Recently, Jesuit Father James Martin, Orbis book author (Essential Writings and This Our Exile), editor-at-large of America magazine and consultant to the Vatican’s Secretariat for Communication, shared his thoughts on prayer, forgiveness and more with our senior marketing technologist, Adam Mitchell.
Father Martin, please tell us about yourself and how you became a Jesuit priest.
Well, I grew up in a town outside of Philadelphia called Plymouth Meeting, in a family that was fairly lukewarm about religion. We went to Mass most Sundays and Christmas and Easter. I had first Holy Communion and was confirmed, but then my religious education stopped.
I went to the University of Pennsylvania’s Wharton School of Business, got a degree in finance, and then took a job at General Electric in New York. I was making a lot of money, and the job was exciting, but gradually I started to feel like I was in the wrong place.
One night, I turned on the TV and saw a documentary about Thomas Merton, the Trappist monk. That really called to me—his way of life in a monastery. So I read his book The Seven Storey Mountain, and I started to think that his way of life would be better than what I was doing. So I went to my local priest in Connecticut, where I was living at the time, and said, “I think I’d like to be a priest.”
He said, “You might talk to the Jesuits up the street at Fairfield University.” So I went up there and got a brochure, and started reading more and more about them.
Because I was so stressed out from work, I started seeing a therapist. One day, the therapist said, “Why are you at work?” I said, “I don’t know what else to do.”
He said, “What would you do if you could do anything?” I said, “I’d be a Jesuit.” He said, “Why don’t you?” And I said, “Yeah, why don’t I?”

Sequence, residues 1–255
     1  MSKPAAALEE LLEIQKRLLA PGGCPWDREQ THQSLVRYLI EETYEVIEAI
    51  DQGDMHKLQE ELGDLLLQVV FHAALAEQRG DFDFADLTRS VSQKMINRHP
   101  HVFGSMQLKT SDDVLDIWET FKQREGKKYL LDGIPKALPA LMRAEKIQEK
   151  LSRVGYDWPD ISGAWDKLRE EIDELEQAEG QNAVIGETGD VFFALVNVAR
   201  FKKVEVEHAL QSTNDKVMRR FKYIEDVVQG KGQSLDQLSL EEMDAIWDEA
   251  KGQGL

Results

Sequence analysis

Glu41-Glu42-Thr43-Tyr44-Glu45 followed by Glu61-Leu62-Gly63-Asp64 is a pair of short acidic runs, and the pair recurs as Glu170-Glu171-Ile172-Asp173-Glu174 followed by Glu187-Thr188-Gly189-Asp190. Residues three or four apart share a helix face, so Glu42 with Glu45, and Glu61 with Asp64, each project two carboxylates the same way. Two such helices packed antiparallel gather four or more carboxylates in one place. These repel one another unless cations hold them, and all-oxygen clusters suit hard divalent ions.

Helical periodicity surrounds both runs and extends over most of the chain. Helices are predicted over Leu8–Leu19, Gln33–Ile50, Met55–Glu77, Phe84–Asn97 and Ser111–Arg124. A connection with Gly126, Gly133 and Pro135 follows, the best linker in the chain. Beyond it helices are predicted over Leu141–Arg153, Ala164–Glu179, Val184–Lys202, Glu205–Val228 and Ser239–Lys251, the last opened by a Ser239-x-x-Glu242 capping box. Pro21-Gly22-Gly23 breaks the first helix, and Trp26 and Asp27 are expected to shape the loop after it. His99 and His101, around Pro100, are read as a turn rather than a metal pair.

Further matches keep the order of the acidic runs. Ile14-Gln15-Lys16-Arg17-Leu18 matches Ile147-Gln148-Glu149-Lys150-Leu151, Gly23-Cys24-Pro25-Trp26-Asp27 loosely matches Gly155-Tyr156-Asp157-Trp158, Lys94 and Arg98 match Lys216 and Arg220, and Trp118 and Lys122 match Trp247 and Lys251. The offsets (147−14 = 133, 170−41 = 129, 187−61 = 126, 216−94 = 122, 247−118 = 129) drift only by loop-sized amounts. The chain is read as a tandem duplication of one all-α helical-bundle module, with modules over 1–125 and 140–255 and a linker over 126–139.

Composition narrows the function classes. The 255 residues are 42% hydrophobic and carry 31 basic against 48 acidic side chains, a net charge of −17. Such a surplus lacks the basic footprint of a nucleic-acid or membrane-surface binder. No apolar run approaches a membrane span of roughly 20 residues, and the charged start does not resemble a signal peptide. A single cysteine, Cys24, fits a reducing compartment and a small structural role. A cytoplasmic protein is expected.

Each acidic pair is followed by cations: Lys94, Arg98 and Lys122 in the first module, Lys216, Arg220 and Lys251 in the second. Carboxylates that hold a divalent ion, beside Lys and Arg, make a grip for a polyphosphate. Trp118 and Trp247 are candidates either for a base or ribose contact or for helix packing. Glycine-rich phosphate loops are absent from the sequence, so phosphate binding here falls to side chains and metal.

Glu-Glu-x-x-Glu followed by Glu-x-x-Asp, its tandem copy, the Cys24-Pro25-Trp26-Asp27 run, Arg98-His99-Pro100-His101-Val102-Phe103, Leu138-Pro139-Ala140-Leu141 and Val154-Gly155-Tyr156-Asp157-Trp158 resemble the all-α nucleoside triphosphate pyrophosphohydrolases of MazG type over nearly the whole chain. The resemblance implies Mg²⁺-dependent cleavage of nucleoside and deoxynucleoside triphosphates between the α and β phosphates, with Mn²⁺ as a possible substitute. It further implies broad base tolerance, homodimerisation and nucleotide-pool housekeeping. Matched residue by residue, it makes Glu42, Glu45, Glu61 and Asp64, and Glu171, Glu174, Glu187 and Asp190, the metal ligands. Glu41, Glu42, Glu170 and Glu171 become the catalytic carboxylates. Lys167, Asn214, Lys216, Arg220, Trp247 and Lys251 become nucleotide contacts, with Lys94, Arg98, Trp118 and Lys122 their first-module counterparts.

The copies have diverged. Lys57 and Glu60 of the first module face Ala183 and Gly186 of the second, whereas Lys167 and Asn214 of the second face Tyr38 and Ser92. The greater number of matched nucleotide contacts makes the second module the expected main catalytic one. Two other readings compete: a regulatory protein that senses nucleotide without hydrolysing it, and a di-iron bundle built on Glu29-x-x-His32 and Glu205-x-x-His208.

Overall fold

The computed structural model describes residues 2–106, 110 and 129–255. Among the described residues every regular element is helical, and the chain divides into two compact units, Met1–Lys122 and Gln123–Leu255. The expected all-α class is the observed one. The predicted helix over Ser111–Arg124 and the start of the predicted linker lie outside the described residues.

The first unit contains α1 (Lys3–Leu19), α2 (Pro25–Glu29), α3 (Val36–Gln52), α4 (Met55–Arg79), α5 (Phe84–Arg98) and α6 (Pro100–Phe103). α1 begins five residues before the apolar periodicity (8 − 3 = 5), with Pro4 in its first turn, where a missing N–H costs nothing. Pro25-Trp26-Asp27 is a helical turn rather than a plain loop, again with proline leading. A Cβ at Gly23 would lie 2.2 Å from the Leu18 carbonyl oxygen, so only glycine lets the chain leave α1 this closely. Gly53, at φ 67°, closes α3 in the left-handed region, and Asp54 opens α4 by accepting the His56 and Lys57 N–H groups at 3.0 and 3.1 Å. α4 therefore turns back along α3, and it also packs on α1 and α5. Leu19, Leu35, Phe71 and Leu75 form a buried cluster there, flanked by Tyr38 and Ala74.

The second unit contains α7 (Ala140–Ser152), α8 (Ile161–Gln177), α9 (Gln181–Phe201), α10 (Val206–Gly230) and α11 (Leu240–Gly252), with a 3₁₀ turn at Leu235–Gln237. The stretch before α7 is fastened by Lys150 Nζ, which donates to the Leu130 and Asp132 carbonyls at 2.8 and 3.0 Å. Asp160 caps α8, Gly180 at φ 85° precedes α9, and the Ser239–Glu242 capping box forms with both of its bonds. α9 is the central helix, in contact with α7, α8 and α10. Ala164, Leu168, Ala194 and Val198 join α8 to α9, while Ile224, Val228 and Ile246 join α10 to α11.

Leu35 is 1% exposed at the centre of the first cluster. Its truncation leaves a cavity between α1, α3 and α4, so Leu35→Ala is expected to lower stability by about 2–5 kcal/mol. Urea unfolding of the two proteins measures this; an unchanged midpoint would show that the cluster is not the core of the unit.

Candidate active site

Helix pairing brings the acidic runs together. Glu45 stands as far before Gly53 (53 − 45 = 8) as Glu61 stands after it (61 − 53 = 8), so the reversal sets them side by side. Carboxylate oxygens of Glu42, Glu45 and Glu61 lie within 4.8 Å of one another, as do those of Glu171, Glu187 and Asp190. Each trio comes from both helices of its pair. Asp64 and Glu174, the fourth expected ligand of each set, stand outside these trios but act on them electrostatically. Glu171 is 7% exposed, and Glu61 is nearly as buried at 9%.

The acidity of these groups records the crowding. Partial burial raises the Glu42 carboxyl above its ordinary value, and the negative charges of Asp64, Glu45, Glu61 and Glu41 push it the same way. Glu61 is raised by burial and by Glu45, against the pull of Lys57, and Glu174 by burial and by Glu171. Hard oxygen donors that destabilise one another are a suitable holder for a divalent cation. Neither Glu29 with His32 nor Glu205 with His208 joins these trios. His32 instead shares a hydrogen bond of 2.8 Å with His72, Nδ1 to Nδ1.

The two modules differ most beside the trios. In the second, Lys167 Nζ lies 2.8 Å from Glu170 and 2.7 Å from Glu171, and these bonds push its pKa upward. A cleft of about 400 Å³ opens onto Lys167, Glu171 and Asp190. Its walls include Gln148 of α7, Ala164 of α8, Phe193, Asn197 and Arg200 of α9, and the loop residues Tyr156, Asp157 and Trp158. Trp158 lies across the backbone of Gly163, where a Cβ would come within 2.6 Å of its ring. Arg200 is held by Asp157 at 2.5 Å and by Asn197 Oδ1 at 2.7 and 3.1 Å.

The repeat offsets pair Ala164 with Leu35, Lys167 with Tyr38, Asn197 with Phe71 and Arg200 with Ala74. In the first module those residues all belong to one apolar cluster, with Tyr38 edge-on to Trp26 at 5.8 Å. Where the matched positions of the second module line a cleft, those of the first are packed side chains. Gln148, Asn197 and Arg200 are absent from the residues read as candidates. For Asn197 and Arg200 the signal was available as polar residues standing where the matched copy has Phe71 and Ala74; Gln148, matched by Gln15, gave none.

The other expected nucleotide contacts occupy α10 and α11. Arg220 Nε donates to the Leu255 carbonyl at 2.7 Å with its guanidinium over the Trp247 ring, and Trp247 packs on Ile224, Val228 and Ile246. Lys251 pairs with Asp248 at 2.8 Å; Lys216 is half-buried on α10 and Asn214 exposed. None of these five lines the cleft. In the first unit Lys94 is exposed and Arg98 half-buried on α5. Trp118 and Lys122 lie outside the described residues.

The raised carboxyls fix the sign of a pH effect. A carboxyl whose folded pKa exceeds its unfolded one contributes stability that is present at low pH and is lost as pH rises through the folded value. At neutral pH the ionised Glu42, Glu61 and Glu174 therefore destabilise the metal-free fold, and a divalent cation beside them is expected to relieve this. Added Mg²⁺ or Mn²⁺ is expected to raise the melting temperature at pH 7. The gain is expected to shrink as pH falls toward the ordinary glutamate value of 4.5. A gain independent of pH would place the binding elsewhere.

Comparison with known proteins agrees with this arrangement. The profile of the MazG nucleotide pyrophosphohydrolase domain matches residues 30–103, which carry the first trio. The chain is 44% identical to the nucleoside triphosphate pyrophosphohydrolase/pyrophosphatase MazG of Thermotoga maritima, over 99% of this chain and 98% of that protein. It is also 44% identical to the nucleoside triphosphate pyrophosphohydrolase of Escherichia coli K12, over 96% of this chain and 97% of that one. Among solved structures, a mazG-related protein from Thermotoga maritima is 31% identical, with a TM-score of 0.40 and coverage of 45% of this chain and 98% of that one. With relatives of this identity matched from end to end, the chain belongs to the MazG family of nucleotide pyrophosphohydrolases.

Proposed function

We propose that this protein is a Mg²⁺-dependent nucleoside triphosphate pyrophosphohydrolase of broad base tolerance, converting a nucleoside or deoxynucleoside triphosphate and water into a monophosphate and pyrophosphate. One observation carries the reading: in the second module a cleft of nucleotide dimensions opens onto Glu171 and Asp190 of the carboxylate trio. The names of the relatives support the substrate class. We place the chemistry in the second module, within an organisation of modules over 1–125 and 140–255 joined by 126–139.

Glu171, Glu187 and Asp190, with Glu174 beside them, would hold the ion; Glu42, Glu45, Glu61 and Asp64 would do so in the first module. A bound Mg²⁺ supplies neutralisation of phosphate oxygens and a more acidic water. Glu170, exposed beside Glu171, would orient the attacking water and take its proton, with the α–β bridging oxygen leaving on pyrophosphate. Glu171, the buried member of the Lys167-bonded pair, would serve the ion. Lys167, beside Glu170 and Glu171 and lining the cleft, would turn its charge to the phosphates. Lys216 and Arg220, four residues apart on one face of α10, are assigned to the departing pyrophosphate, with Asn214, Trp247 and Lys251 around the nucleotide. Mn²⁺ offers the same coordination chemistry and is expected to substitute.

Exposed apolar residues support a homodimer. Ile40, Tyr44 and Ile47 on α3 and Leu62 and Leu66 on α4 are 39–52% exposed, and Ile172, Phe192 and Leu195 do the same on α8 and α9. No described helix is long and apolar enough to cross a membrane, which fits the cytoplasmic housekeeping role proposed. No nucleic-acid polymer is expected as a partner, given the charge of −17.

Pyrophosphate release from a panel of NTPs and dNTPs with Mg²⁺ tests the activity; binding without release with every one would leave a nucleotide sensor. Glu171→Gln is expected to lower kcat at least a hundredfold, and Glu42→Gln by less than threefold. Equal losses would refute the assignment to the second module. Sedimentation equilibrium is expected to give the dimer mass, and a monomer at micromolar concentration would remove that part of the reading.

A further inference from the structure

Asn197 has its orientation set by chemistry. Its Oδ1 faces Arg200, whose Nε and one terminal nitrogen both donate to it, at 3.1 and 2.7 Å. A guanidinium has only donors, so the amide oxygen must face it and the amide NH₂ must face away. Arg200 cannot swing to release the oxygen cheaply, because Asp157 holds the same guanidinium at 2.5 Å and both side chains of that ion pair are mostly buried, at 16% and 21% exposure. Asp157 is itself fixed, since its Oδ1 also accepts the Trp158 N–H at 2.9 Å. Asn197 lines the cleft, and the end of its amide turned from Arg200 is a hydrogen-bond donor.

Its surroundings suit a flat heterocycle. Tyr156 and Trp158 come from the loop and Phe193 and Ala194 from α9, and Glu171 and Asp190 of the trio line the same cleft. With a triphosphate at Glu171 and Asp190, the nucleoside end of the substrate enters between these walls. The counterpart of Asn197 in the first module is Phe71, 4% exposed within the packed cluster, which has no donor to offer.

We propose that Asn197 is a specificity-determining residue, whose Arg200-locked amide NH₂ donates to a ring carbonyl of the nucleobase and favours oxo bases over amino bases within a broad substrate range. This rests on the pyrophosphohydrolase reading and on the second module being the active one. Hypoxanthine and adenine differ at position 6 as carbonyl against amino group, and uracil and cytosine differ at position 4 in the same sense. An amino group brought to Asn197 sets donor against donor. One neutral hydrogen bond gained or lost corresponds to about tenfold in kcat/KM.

You have written, “The greatest temptation of Christian spirituality is the attempt to establish the demarcation between … God who’s all good and … the world of created things.” How can we overcome this temptation and grow in faith?
By making peace with living in an imperfect world and responding to the invitation from St. Ignatius to be a “contemplative in action”: a person who has a contemplative attitude in a world of imperfect things and people. Jesus came into an imperfect world. That’s our model. It is the Ignatian idea of “finding God in all things,” especially in imperfect things, because the only perfect thing is God.
You write that in your prayer you speak with God as a loving and trusting son. Can you elaborate on that?
The way parents hope their child would speak to them—honestly—is the way I think God hopes we will speak to God. That’s the way the disciples spoke to Jesus. One of my favorite examples is the story in the Gospel of Luke, where Mary is at Jesus’ feet and Martha is working. Martha is clearly close enough to Jesus that she feels comfortable to say, “Tell her to help me.” That’s pretty blunt! This is what God wants from us—our honesty.
In your prayer, you’re not saying, “Forgive me, forgive me.” You’re saying, “Hold on a second. Help me understand this.”
Well, sometimes I’m saying, “Forgive me, forgive me.” I am a sinner, after all. God already knows that, and I certainly know it. Jesuits look at ourselves, and ask other people to look at themselves, as “loved sinners,” people who are sinners but who are also loved by God, and redeemed by Jesus. That frees you to talk to God more honestly.
I go to God and ask for forgiveness, and to confession and ask for forgiveness for my sins, but not all the time. Sometimes it’s more in the back of my mind. Let’s say your son crashed your car. For the next year, that would be on his mind. You would be looking at him lovingly and probably feel, “Oh my gosh, this kid needs to get over it.” But it would always be on his mind. He might express it once or twice, and then you’ll forgive him, give him a big hug, or maybe after he pays off the damage! But then it’s done. Now, he might come to you conscious of that, but that is not what you want to hear all the time: “Please forgive me.” So, it’s about holding those two things in tension. “My father, I’m embarrassed about having crashed the car, but I also am confident in your love.”
How can we understand forgiveness, reconciliation, making amends and moving on?
Jesus forgives the people who nailed him to the cross. He forgives Peter, who denied him three times. On the cross, he prays for the Roman soldiers. And for Peter, he goes the extra mile by not only saying, “I forgive you” three times, but also saying, “Now I’m going to make you the leader of my flock.” It’s overabundance of forgiveness.
Now, we tend to think, “God’s forgiveness is really like my forgiveness,” and we can’t forgive ourselves. We do the same to other people. We say, “They have to be punished.” But Jesus asks us to forgive “70 times seven.” We feel like we can only forgive so much, but God is not like us.